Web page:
A Boy, a Textbook, and his Drought-Stricken Country

Photo by Paul Schnaittacher
Photo by Paul Schnaittacher

Currently a senior at Dartmouth College in Hanover, NH, William Kamkwamba, the co-author of The Boy Who Harnessed the Wind: Creating Currents of Electricity and Hope, took time between his final exams to speak at Williston Northampton as the fourth annual speaker in the Sara Wattles Perry ’77 lecture series.

Mr. Kamkwamba is a native of Malawi, a small African country bordered by Mozambique, Tanzania, Zambia, and Zimbabwe, where electricity and running water are a luxury enjoyed by only two percent of the population. Mr. Kamkwamba’s family members make their living as farmers in a rural part of the country. As chronicled in The Boy Who Harnessed the Wind, in 2001, a record drought led Mr. Kamkwamba to drop out of school and, using textbooks as his guide, build an electricity-generating windmill out of scrap metal.

Watch Mr. Kamkwamba’s TEDTalk about building the windmill.

While at Williston, Mr. Kamkwamba spoke to ninth grade World Civilizations students about his determination to build a windmill, the ridicule he suffered from his community, and some of the current projects he is working on in Malawi.

When asked of which he was most proud—that the windmill is functional or that he completed his goal—Mr. Kamkwamba said it was more satisfying to have accomplished his goal.

Mr. Kamkwamba’s efforts were misunderstood and the object of ridicule in his community. “My mom was so angry with me,” said Mr. Kamkwamba, “She said, ‘You are not going to find a wife, no one wants to marry a crazy man.’”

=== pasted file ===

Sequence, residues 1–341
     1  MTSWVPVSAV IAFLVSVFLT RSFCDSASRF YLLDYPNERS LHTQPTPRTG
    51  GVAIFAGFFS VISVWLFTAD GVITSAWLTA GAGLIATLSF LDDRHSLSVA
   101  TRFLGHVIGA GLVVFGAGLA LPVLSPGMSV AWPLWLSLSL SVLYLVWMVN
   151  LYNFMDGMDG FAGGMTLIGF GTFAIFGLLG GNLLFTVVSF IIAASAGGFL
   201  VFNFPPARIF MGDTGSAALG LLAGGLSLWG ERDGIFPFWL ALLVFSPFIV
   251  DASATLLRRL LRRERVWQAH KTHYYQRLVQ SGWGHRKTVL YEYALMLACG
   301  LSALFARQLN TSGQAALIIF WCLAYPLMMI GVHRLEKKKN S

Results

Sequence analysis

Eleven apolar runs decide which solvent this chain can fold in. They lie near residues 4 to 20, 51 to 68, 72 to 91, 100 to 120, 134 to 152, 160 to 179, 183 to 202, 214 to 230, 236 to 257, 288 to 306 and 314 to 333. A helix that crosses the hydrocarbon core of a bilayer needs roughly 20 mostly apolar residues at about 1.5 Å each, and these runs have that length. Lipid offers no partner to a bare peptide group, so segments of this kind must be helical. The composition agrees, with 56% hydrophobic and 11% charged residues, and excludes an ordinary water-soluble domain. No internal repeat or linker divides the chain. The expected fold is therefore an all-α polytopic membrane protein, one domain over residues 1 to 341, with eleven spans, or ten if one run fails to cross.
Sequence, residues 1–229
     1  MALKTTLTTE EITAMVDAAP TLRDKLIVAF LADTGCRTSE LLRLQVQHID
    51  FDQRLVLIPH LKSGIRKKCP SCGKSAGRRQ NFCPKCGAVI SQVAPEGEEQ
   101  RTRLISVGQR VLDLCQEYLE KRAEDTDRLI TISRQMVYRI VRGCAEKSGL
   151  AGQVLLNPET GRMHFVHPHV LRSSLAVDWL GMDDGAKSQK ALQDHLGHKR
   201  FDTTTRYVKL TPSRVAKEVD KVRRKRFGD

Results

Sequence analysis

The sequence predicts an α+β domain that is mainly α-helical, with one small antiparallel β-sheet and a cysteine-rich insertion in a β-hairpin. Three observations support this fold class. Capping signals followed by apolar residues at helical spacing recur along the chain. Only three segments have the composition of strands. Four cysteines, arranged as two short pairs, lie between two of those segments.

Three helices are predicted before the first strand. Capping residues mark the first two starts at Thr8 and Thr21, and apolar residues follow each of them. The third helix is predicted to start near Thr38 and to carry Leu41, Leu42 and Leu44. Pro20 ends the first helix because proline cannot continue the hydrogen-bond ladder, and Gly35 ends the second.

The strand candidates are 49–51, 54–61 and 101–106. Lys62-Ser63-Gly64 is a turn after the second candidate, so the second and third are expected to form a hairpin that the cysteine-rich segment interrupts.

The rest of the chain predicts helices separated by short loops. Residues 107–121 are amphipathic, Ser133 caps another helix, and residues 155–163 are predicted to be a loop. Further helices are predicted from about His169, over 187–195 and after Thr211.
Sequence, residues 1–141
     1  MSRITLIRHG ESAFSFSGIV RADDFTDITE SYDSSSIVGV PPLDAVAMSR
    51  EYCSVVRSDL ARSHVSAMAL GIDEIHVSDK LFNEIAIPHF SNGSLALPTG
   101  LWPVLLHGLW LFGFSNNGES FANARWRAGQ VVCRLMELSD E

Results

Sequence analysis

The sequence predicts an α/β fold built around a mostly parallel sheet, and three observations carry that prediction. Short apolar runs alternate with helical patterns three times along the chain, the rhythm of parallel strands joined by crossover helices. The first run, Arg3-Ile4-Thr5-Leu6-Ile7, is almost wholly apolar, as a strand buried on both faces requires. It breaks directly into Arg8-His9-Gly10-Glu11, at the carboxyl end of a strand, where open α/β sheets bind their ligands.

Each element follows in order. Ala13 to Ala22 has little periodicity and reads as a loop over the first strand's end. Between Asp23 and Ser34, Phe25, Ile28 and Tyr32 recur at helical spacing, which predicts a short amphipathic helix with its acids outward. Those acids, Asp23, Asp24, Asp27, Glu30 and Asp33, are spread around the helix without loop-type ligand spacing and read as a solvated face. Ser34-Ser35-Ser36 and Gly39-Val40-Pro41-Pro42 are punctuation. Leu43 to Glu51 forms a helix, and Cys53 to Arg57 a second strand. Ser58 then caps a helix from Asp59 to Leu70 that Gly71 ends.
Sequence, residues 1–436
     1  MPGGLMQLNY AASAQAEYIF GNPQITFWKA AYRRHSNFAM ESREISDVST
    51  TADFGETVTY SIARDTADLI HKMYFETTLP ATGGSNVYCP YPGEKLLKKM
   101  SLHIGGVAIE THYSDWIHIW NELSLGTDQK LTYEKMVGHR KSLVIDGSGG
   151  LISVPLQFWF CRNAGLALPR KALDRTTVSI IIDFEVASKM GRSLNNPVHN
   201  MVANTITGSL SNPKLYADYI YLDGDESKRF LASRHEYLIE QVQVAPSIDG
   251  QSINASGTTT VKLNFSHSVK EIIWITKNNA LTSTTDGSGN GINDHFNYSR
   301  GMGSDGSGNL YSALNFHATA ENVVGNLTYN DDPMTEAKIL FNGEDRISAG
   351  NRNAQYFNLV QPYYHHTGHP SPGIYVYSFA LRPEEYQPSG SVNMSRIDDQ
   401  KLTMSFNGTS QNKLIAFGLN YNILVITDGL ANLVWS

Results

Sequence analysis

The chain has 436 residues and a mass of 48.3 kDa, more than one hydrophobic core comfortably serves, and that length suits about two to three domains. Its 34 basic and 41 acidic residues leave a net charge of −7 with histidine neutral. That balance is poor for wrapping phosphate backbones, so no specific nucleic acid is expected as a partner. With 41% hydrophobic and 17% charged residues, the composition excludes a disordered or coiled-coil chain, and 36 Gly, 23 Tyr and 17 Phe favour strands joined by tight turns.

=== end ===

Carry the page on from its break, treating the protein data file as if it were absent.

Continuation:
Mr. Kamkwamba referenced a native proverb that, when translated, means, “use the stick the children play with to kill the snake.” He emphasized the importance of listening to children; sometimes they have the answer, he said.

In fact, since building the windmill, Mr. Kamkwamba says he has witnessed change in his community. Rather than hoping and waiting for others to come and solve their problems, people are trying out new ideas, he remarked.

Photo by Paul Schnaittacher
Photo by Paul Schnaittacher

During his summer vacations from Dartmouth, Mr. Kamkwamba has returned to Malawi and made further technological improvements to his former school and community. To date, he has installed solar panels on the school’s roof, which charge a small number of laptops for student use, and is in the process of fashioning a bio-gas generator which will allow women to cook without having to travel long distances to collect firewood.

“I want to make people’s lives easier through education and energy” so that they can pursue other endeavors, he said.

Mr. Kamkwamba remembers being awestruck by the skyscrapers the first time he visited New York City. It was not the height of the buildings, but the age that impressed him most. “Every nation is built from nothing,” he said. He hopes Malawi will one day overcome its current economic hurdles and become a nation capable of constructing something that will stand for just as long.

Watch a slideshow from Mr. Kamkwamba’s speech here.

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